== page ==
Saving history from becoming history

The Australian Historical Association is upset by the hike in humanities course costs

“It is unnecessarily punitive and displays a remarkably narrow view of the very purpose of a tertiary education,” the AHA argues.

The association could probably do with vice chancellors making statements of support on the same lines. Because if students do turn out to be price sensitive Australian history could be out of undergraduates.

Last year Paul Sendziuk (Uni Adelaide) and Martin Crotty (Uni Queensland) asked all ANZ history departments what they taught. They found the average Aus history upper level subject has 49 students, compared to war and society with 91 and American history with 79, (CMM June 17 2019).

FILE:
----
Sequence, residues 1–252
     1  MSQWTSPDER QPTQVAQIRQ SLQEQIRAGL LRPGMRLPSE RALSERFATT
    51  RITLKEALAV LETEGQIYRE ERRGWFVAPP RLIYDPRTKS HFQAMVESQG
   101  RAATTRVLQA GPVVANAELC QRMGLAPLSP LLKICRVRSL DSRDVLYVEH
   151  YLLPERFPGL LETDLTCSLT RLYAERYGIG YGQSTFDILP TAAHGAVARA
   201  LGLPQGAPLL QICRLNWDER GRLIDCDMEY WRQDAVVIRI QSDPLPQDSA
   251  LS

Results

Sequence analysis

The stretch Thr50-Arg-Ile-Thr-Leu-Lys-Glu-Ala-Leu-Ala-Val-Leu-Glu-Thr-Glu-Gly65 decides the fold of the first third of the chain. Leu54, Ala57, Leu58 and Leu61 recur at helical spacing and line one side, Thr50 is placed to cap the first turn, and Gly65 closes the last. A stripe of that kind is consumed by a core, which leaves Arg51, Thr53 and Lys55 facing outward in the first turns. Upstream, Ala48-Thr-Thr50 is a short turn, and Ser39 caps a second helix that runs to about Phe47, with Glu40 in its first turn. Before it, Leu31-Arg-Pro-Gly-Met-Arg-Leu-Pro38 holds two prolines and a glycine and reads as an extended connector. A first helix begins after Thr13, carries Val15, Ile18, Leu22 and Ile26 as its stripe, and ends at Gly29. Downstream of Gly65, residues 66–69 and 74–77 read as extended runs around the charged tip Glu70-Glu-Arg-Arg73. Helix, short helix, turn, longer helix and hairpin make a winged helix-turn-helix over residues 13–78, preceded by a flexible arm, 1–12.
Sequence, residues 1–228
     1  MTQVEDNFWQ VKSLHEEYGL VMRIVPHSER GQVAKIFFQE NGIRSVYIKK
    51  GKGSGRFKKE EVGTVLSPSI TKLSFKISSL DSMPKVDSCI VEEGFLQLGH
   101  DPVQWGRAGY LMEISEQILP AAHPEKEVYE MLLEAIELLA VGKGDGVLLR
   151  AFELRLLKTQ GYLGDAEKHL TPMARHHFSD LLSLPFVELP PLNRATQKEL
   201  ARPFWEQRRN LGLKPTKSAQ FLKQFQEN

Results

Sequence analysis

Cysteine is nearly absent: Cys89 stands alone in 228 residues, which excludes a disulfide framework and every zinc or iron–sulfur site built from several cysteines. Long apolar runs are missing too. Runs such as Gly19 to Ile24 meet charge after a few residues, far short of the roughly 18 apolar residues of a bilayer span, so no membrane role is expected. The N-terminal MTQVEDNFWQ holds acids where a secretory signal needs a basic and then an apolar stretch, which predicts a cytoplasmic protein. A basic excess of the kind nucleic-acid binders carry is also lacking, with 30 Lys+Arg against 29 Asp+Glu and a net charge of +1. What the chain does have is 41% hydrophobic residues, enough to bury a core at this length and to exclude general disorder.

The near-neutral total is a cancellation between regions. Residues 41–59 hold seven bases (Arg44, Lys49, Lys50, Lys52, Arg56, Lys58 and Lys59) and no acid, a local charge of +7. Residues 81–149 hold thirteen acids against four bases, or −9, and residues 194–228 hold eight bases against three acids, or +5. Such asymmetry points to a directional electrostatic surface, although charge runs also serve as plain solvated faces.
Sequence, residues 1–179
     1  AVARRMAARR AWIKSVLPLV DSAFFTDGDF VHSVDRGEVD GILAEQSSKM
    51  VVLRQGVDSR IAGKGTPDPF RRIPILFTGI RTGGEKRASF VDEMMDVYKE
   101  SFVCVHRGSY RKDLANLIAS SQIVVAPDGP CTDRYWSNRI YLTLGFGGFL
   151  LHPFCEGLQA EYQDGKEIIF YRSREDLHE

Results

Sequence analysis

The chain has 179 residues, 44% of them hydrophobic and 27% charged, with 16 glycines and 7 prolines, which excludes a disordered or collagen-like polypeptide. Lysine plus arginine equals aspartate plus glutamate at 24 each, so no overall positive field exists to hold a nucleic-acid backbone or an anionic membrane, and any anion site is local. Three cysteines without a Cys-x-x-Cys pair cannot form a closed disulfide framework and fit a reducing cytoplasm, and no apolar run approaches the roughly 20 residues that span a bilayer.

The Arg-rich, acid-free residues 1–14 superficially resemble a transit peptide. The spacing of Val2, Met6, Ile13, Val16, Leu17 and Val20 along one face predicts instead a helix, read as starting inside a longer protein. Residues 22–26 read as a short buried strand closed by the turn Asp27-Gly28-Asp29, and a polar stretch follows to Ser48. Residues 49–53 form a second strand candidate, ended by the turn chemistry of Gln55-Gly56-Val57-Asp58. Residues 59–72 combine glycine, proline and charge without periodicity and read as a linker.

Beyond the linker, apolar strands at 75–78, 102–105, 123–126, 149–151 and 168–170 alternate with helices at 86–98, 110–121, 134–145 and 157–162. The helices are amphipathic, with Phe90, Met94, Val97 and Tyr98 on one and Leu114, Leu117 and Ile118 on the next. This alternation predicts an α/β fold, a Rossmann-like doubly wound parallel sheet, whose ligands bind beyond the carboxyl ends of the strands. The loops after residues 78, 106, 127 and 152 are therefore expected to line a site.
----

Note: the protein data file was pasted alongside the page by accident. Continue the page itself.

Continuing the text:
And so, they asked if, “it should be a moral obligation, or an obligation of citizenship, for ANZ history departments/groupings to teach a sufficient number of courses in the histories of their own nations and Indigenous peoples.” Which they answered; “it is probably fair to say that most academic historians are sympathetic to the teaching of the history of one’s own nation and Indigenous peopleregardless of student demand.”

Lines historians may need again.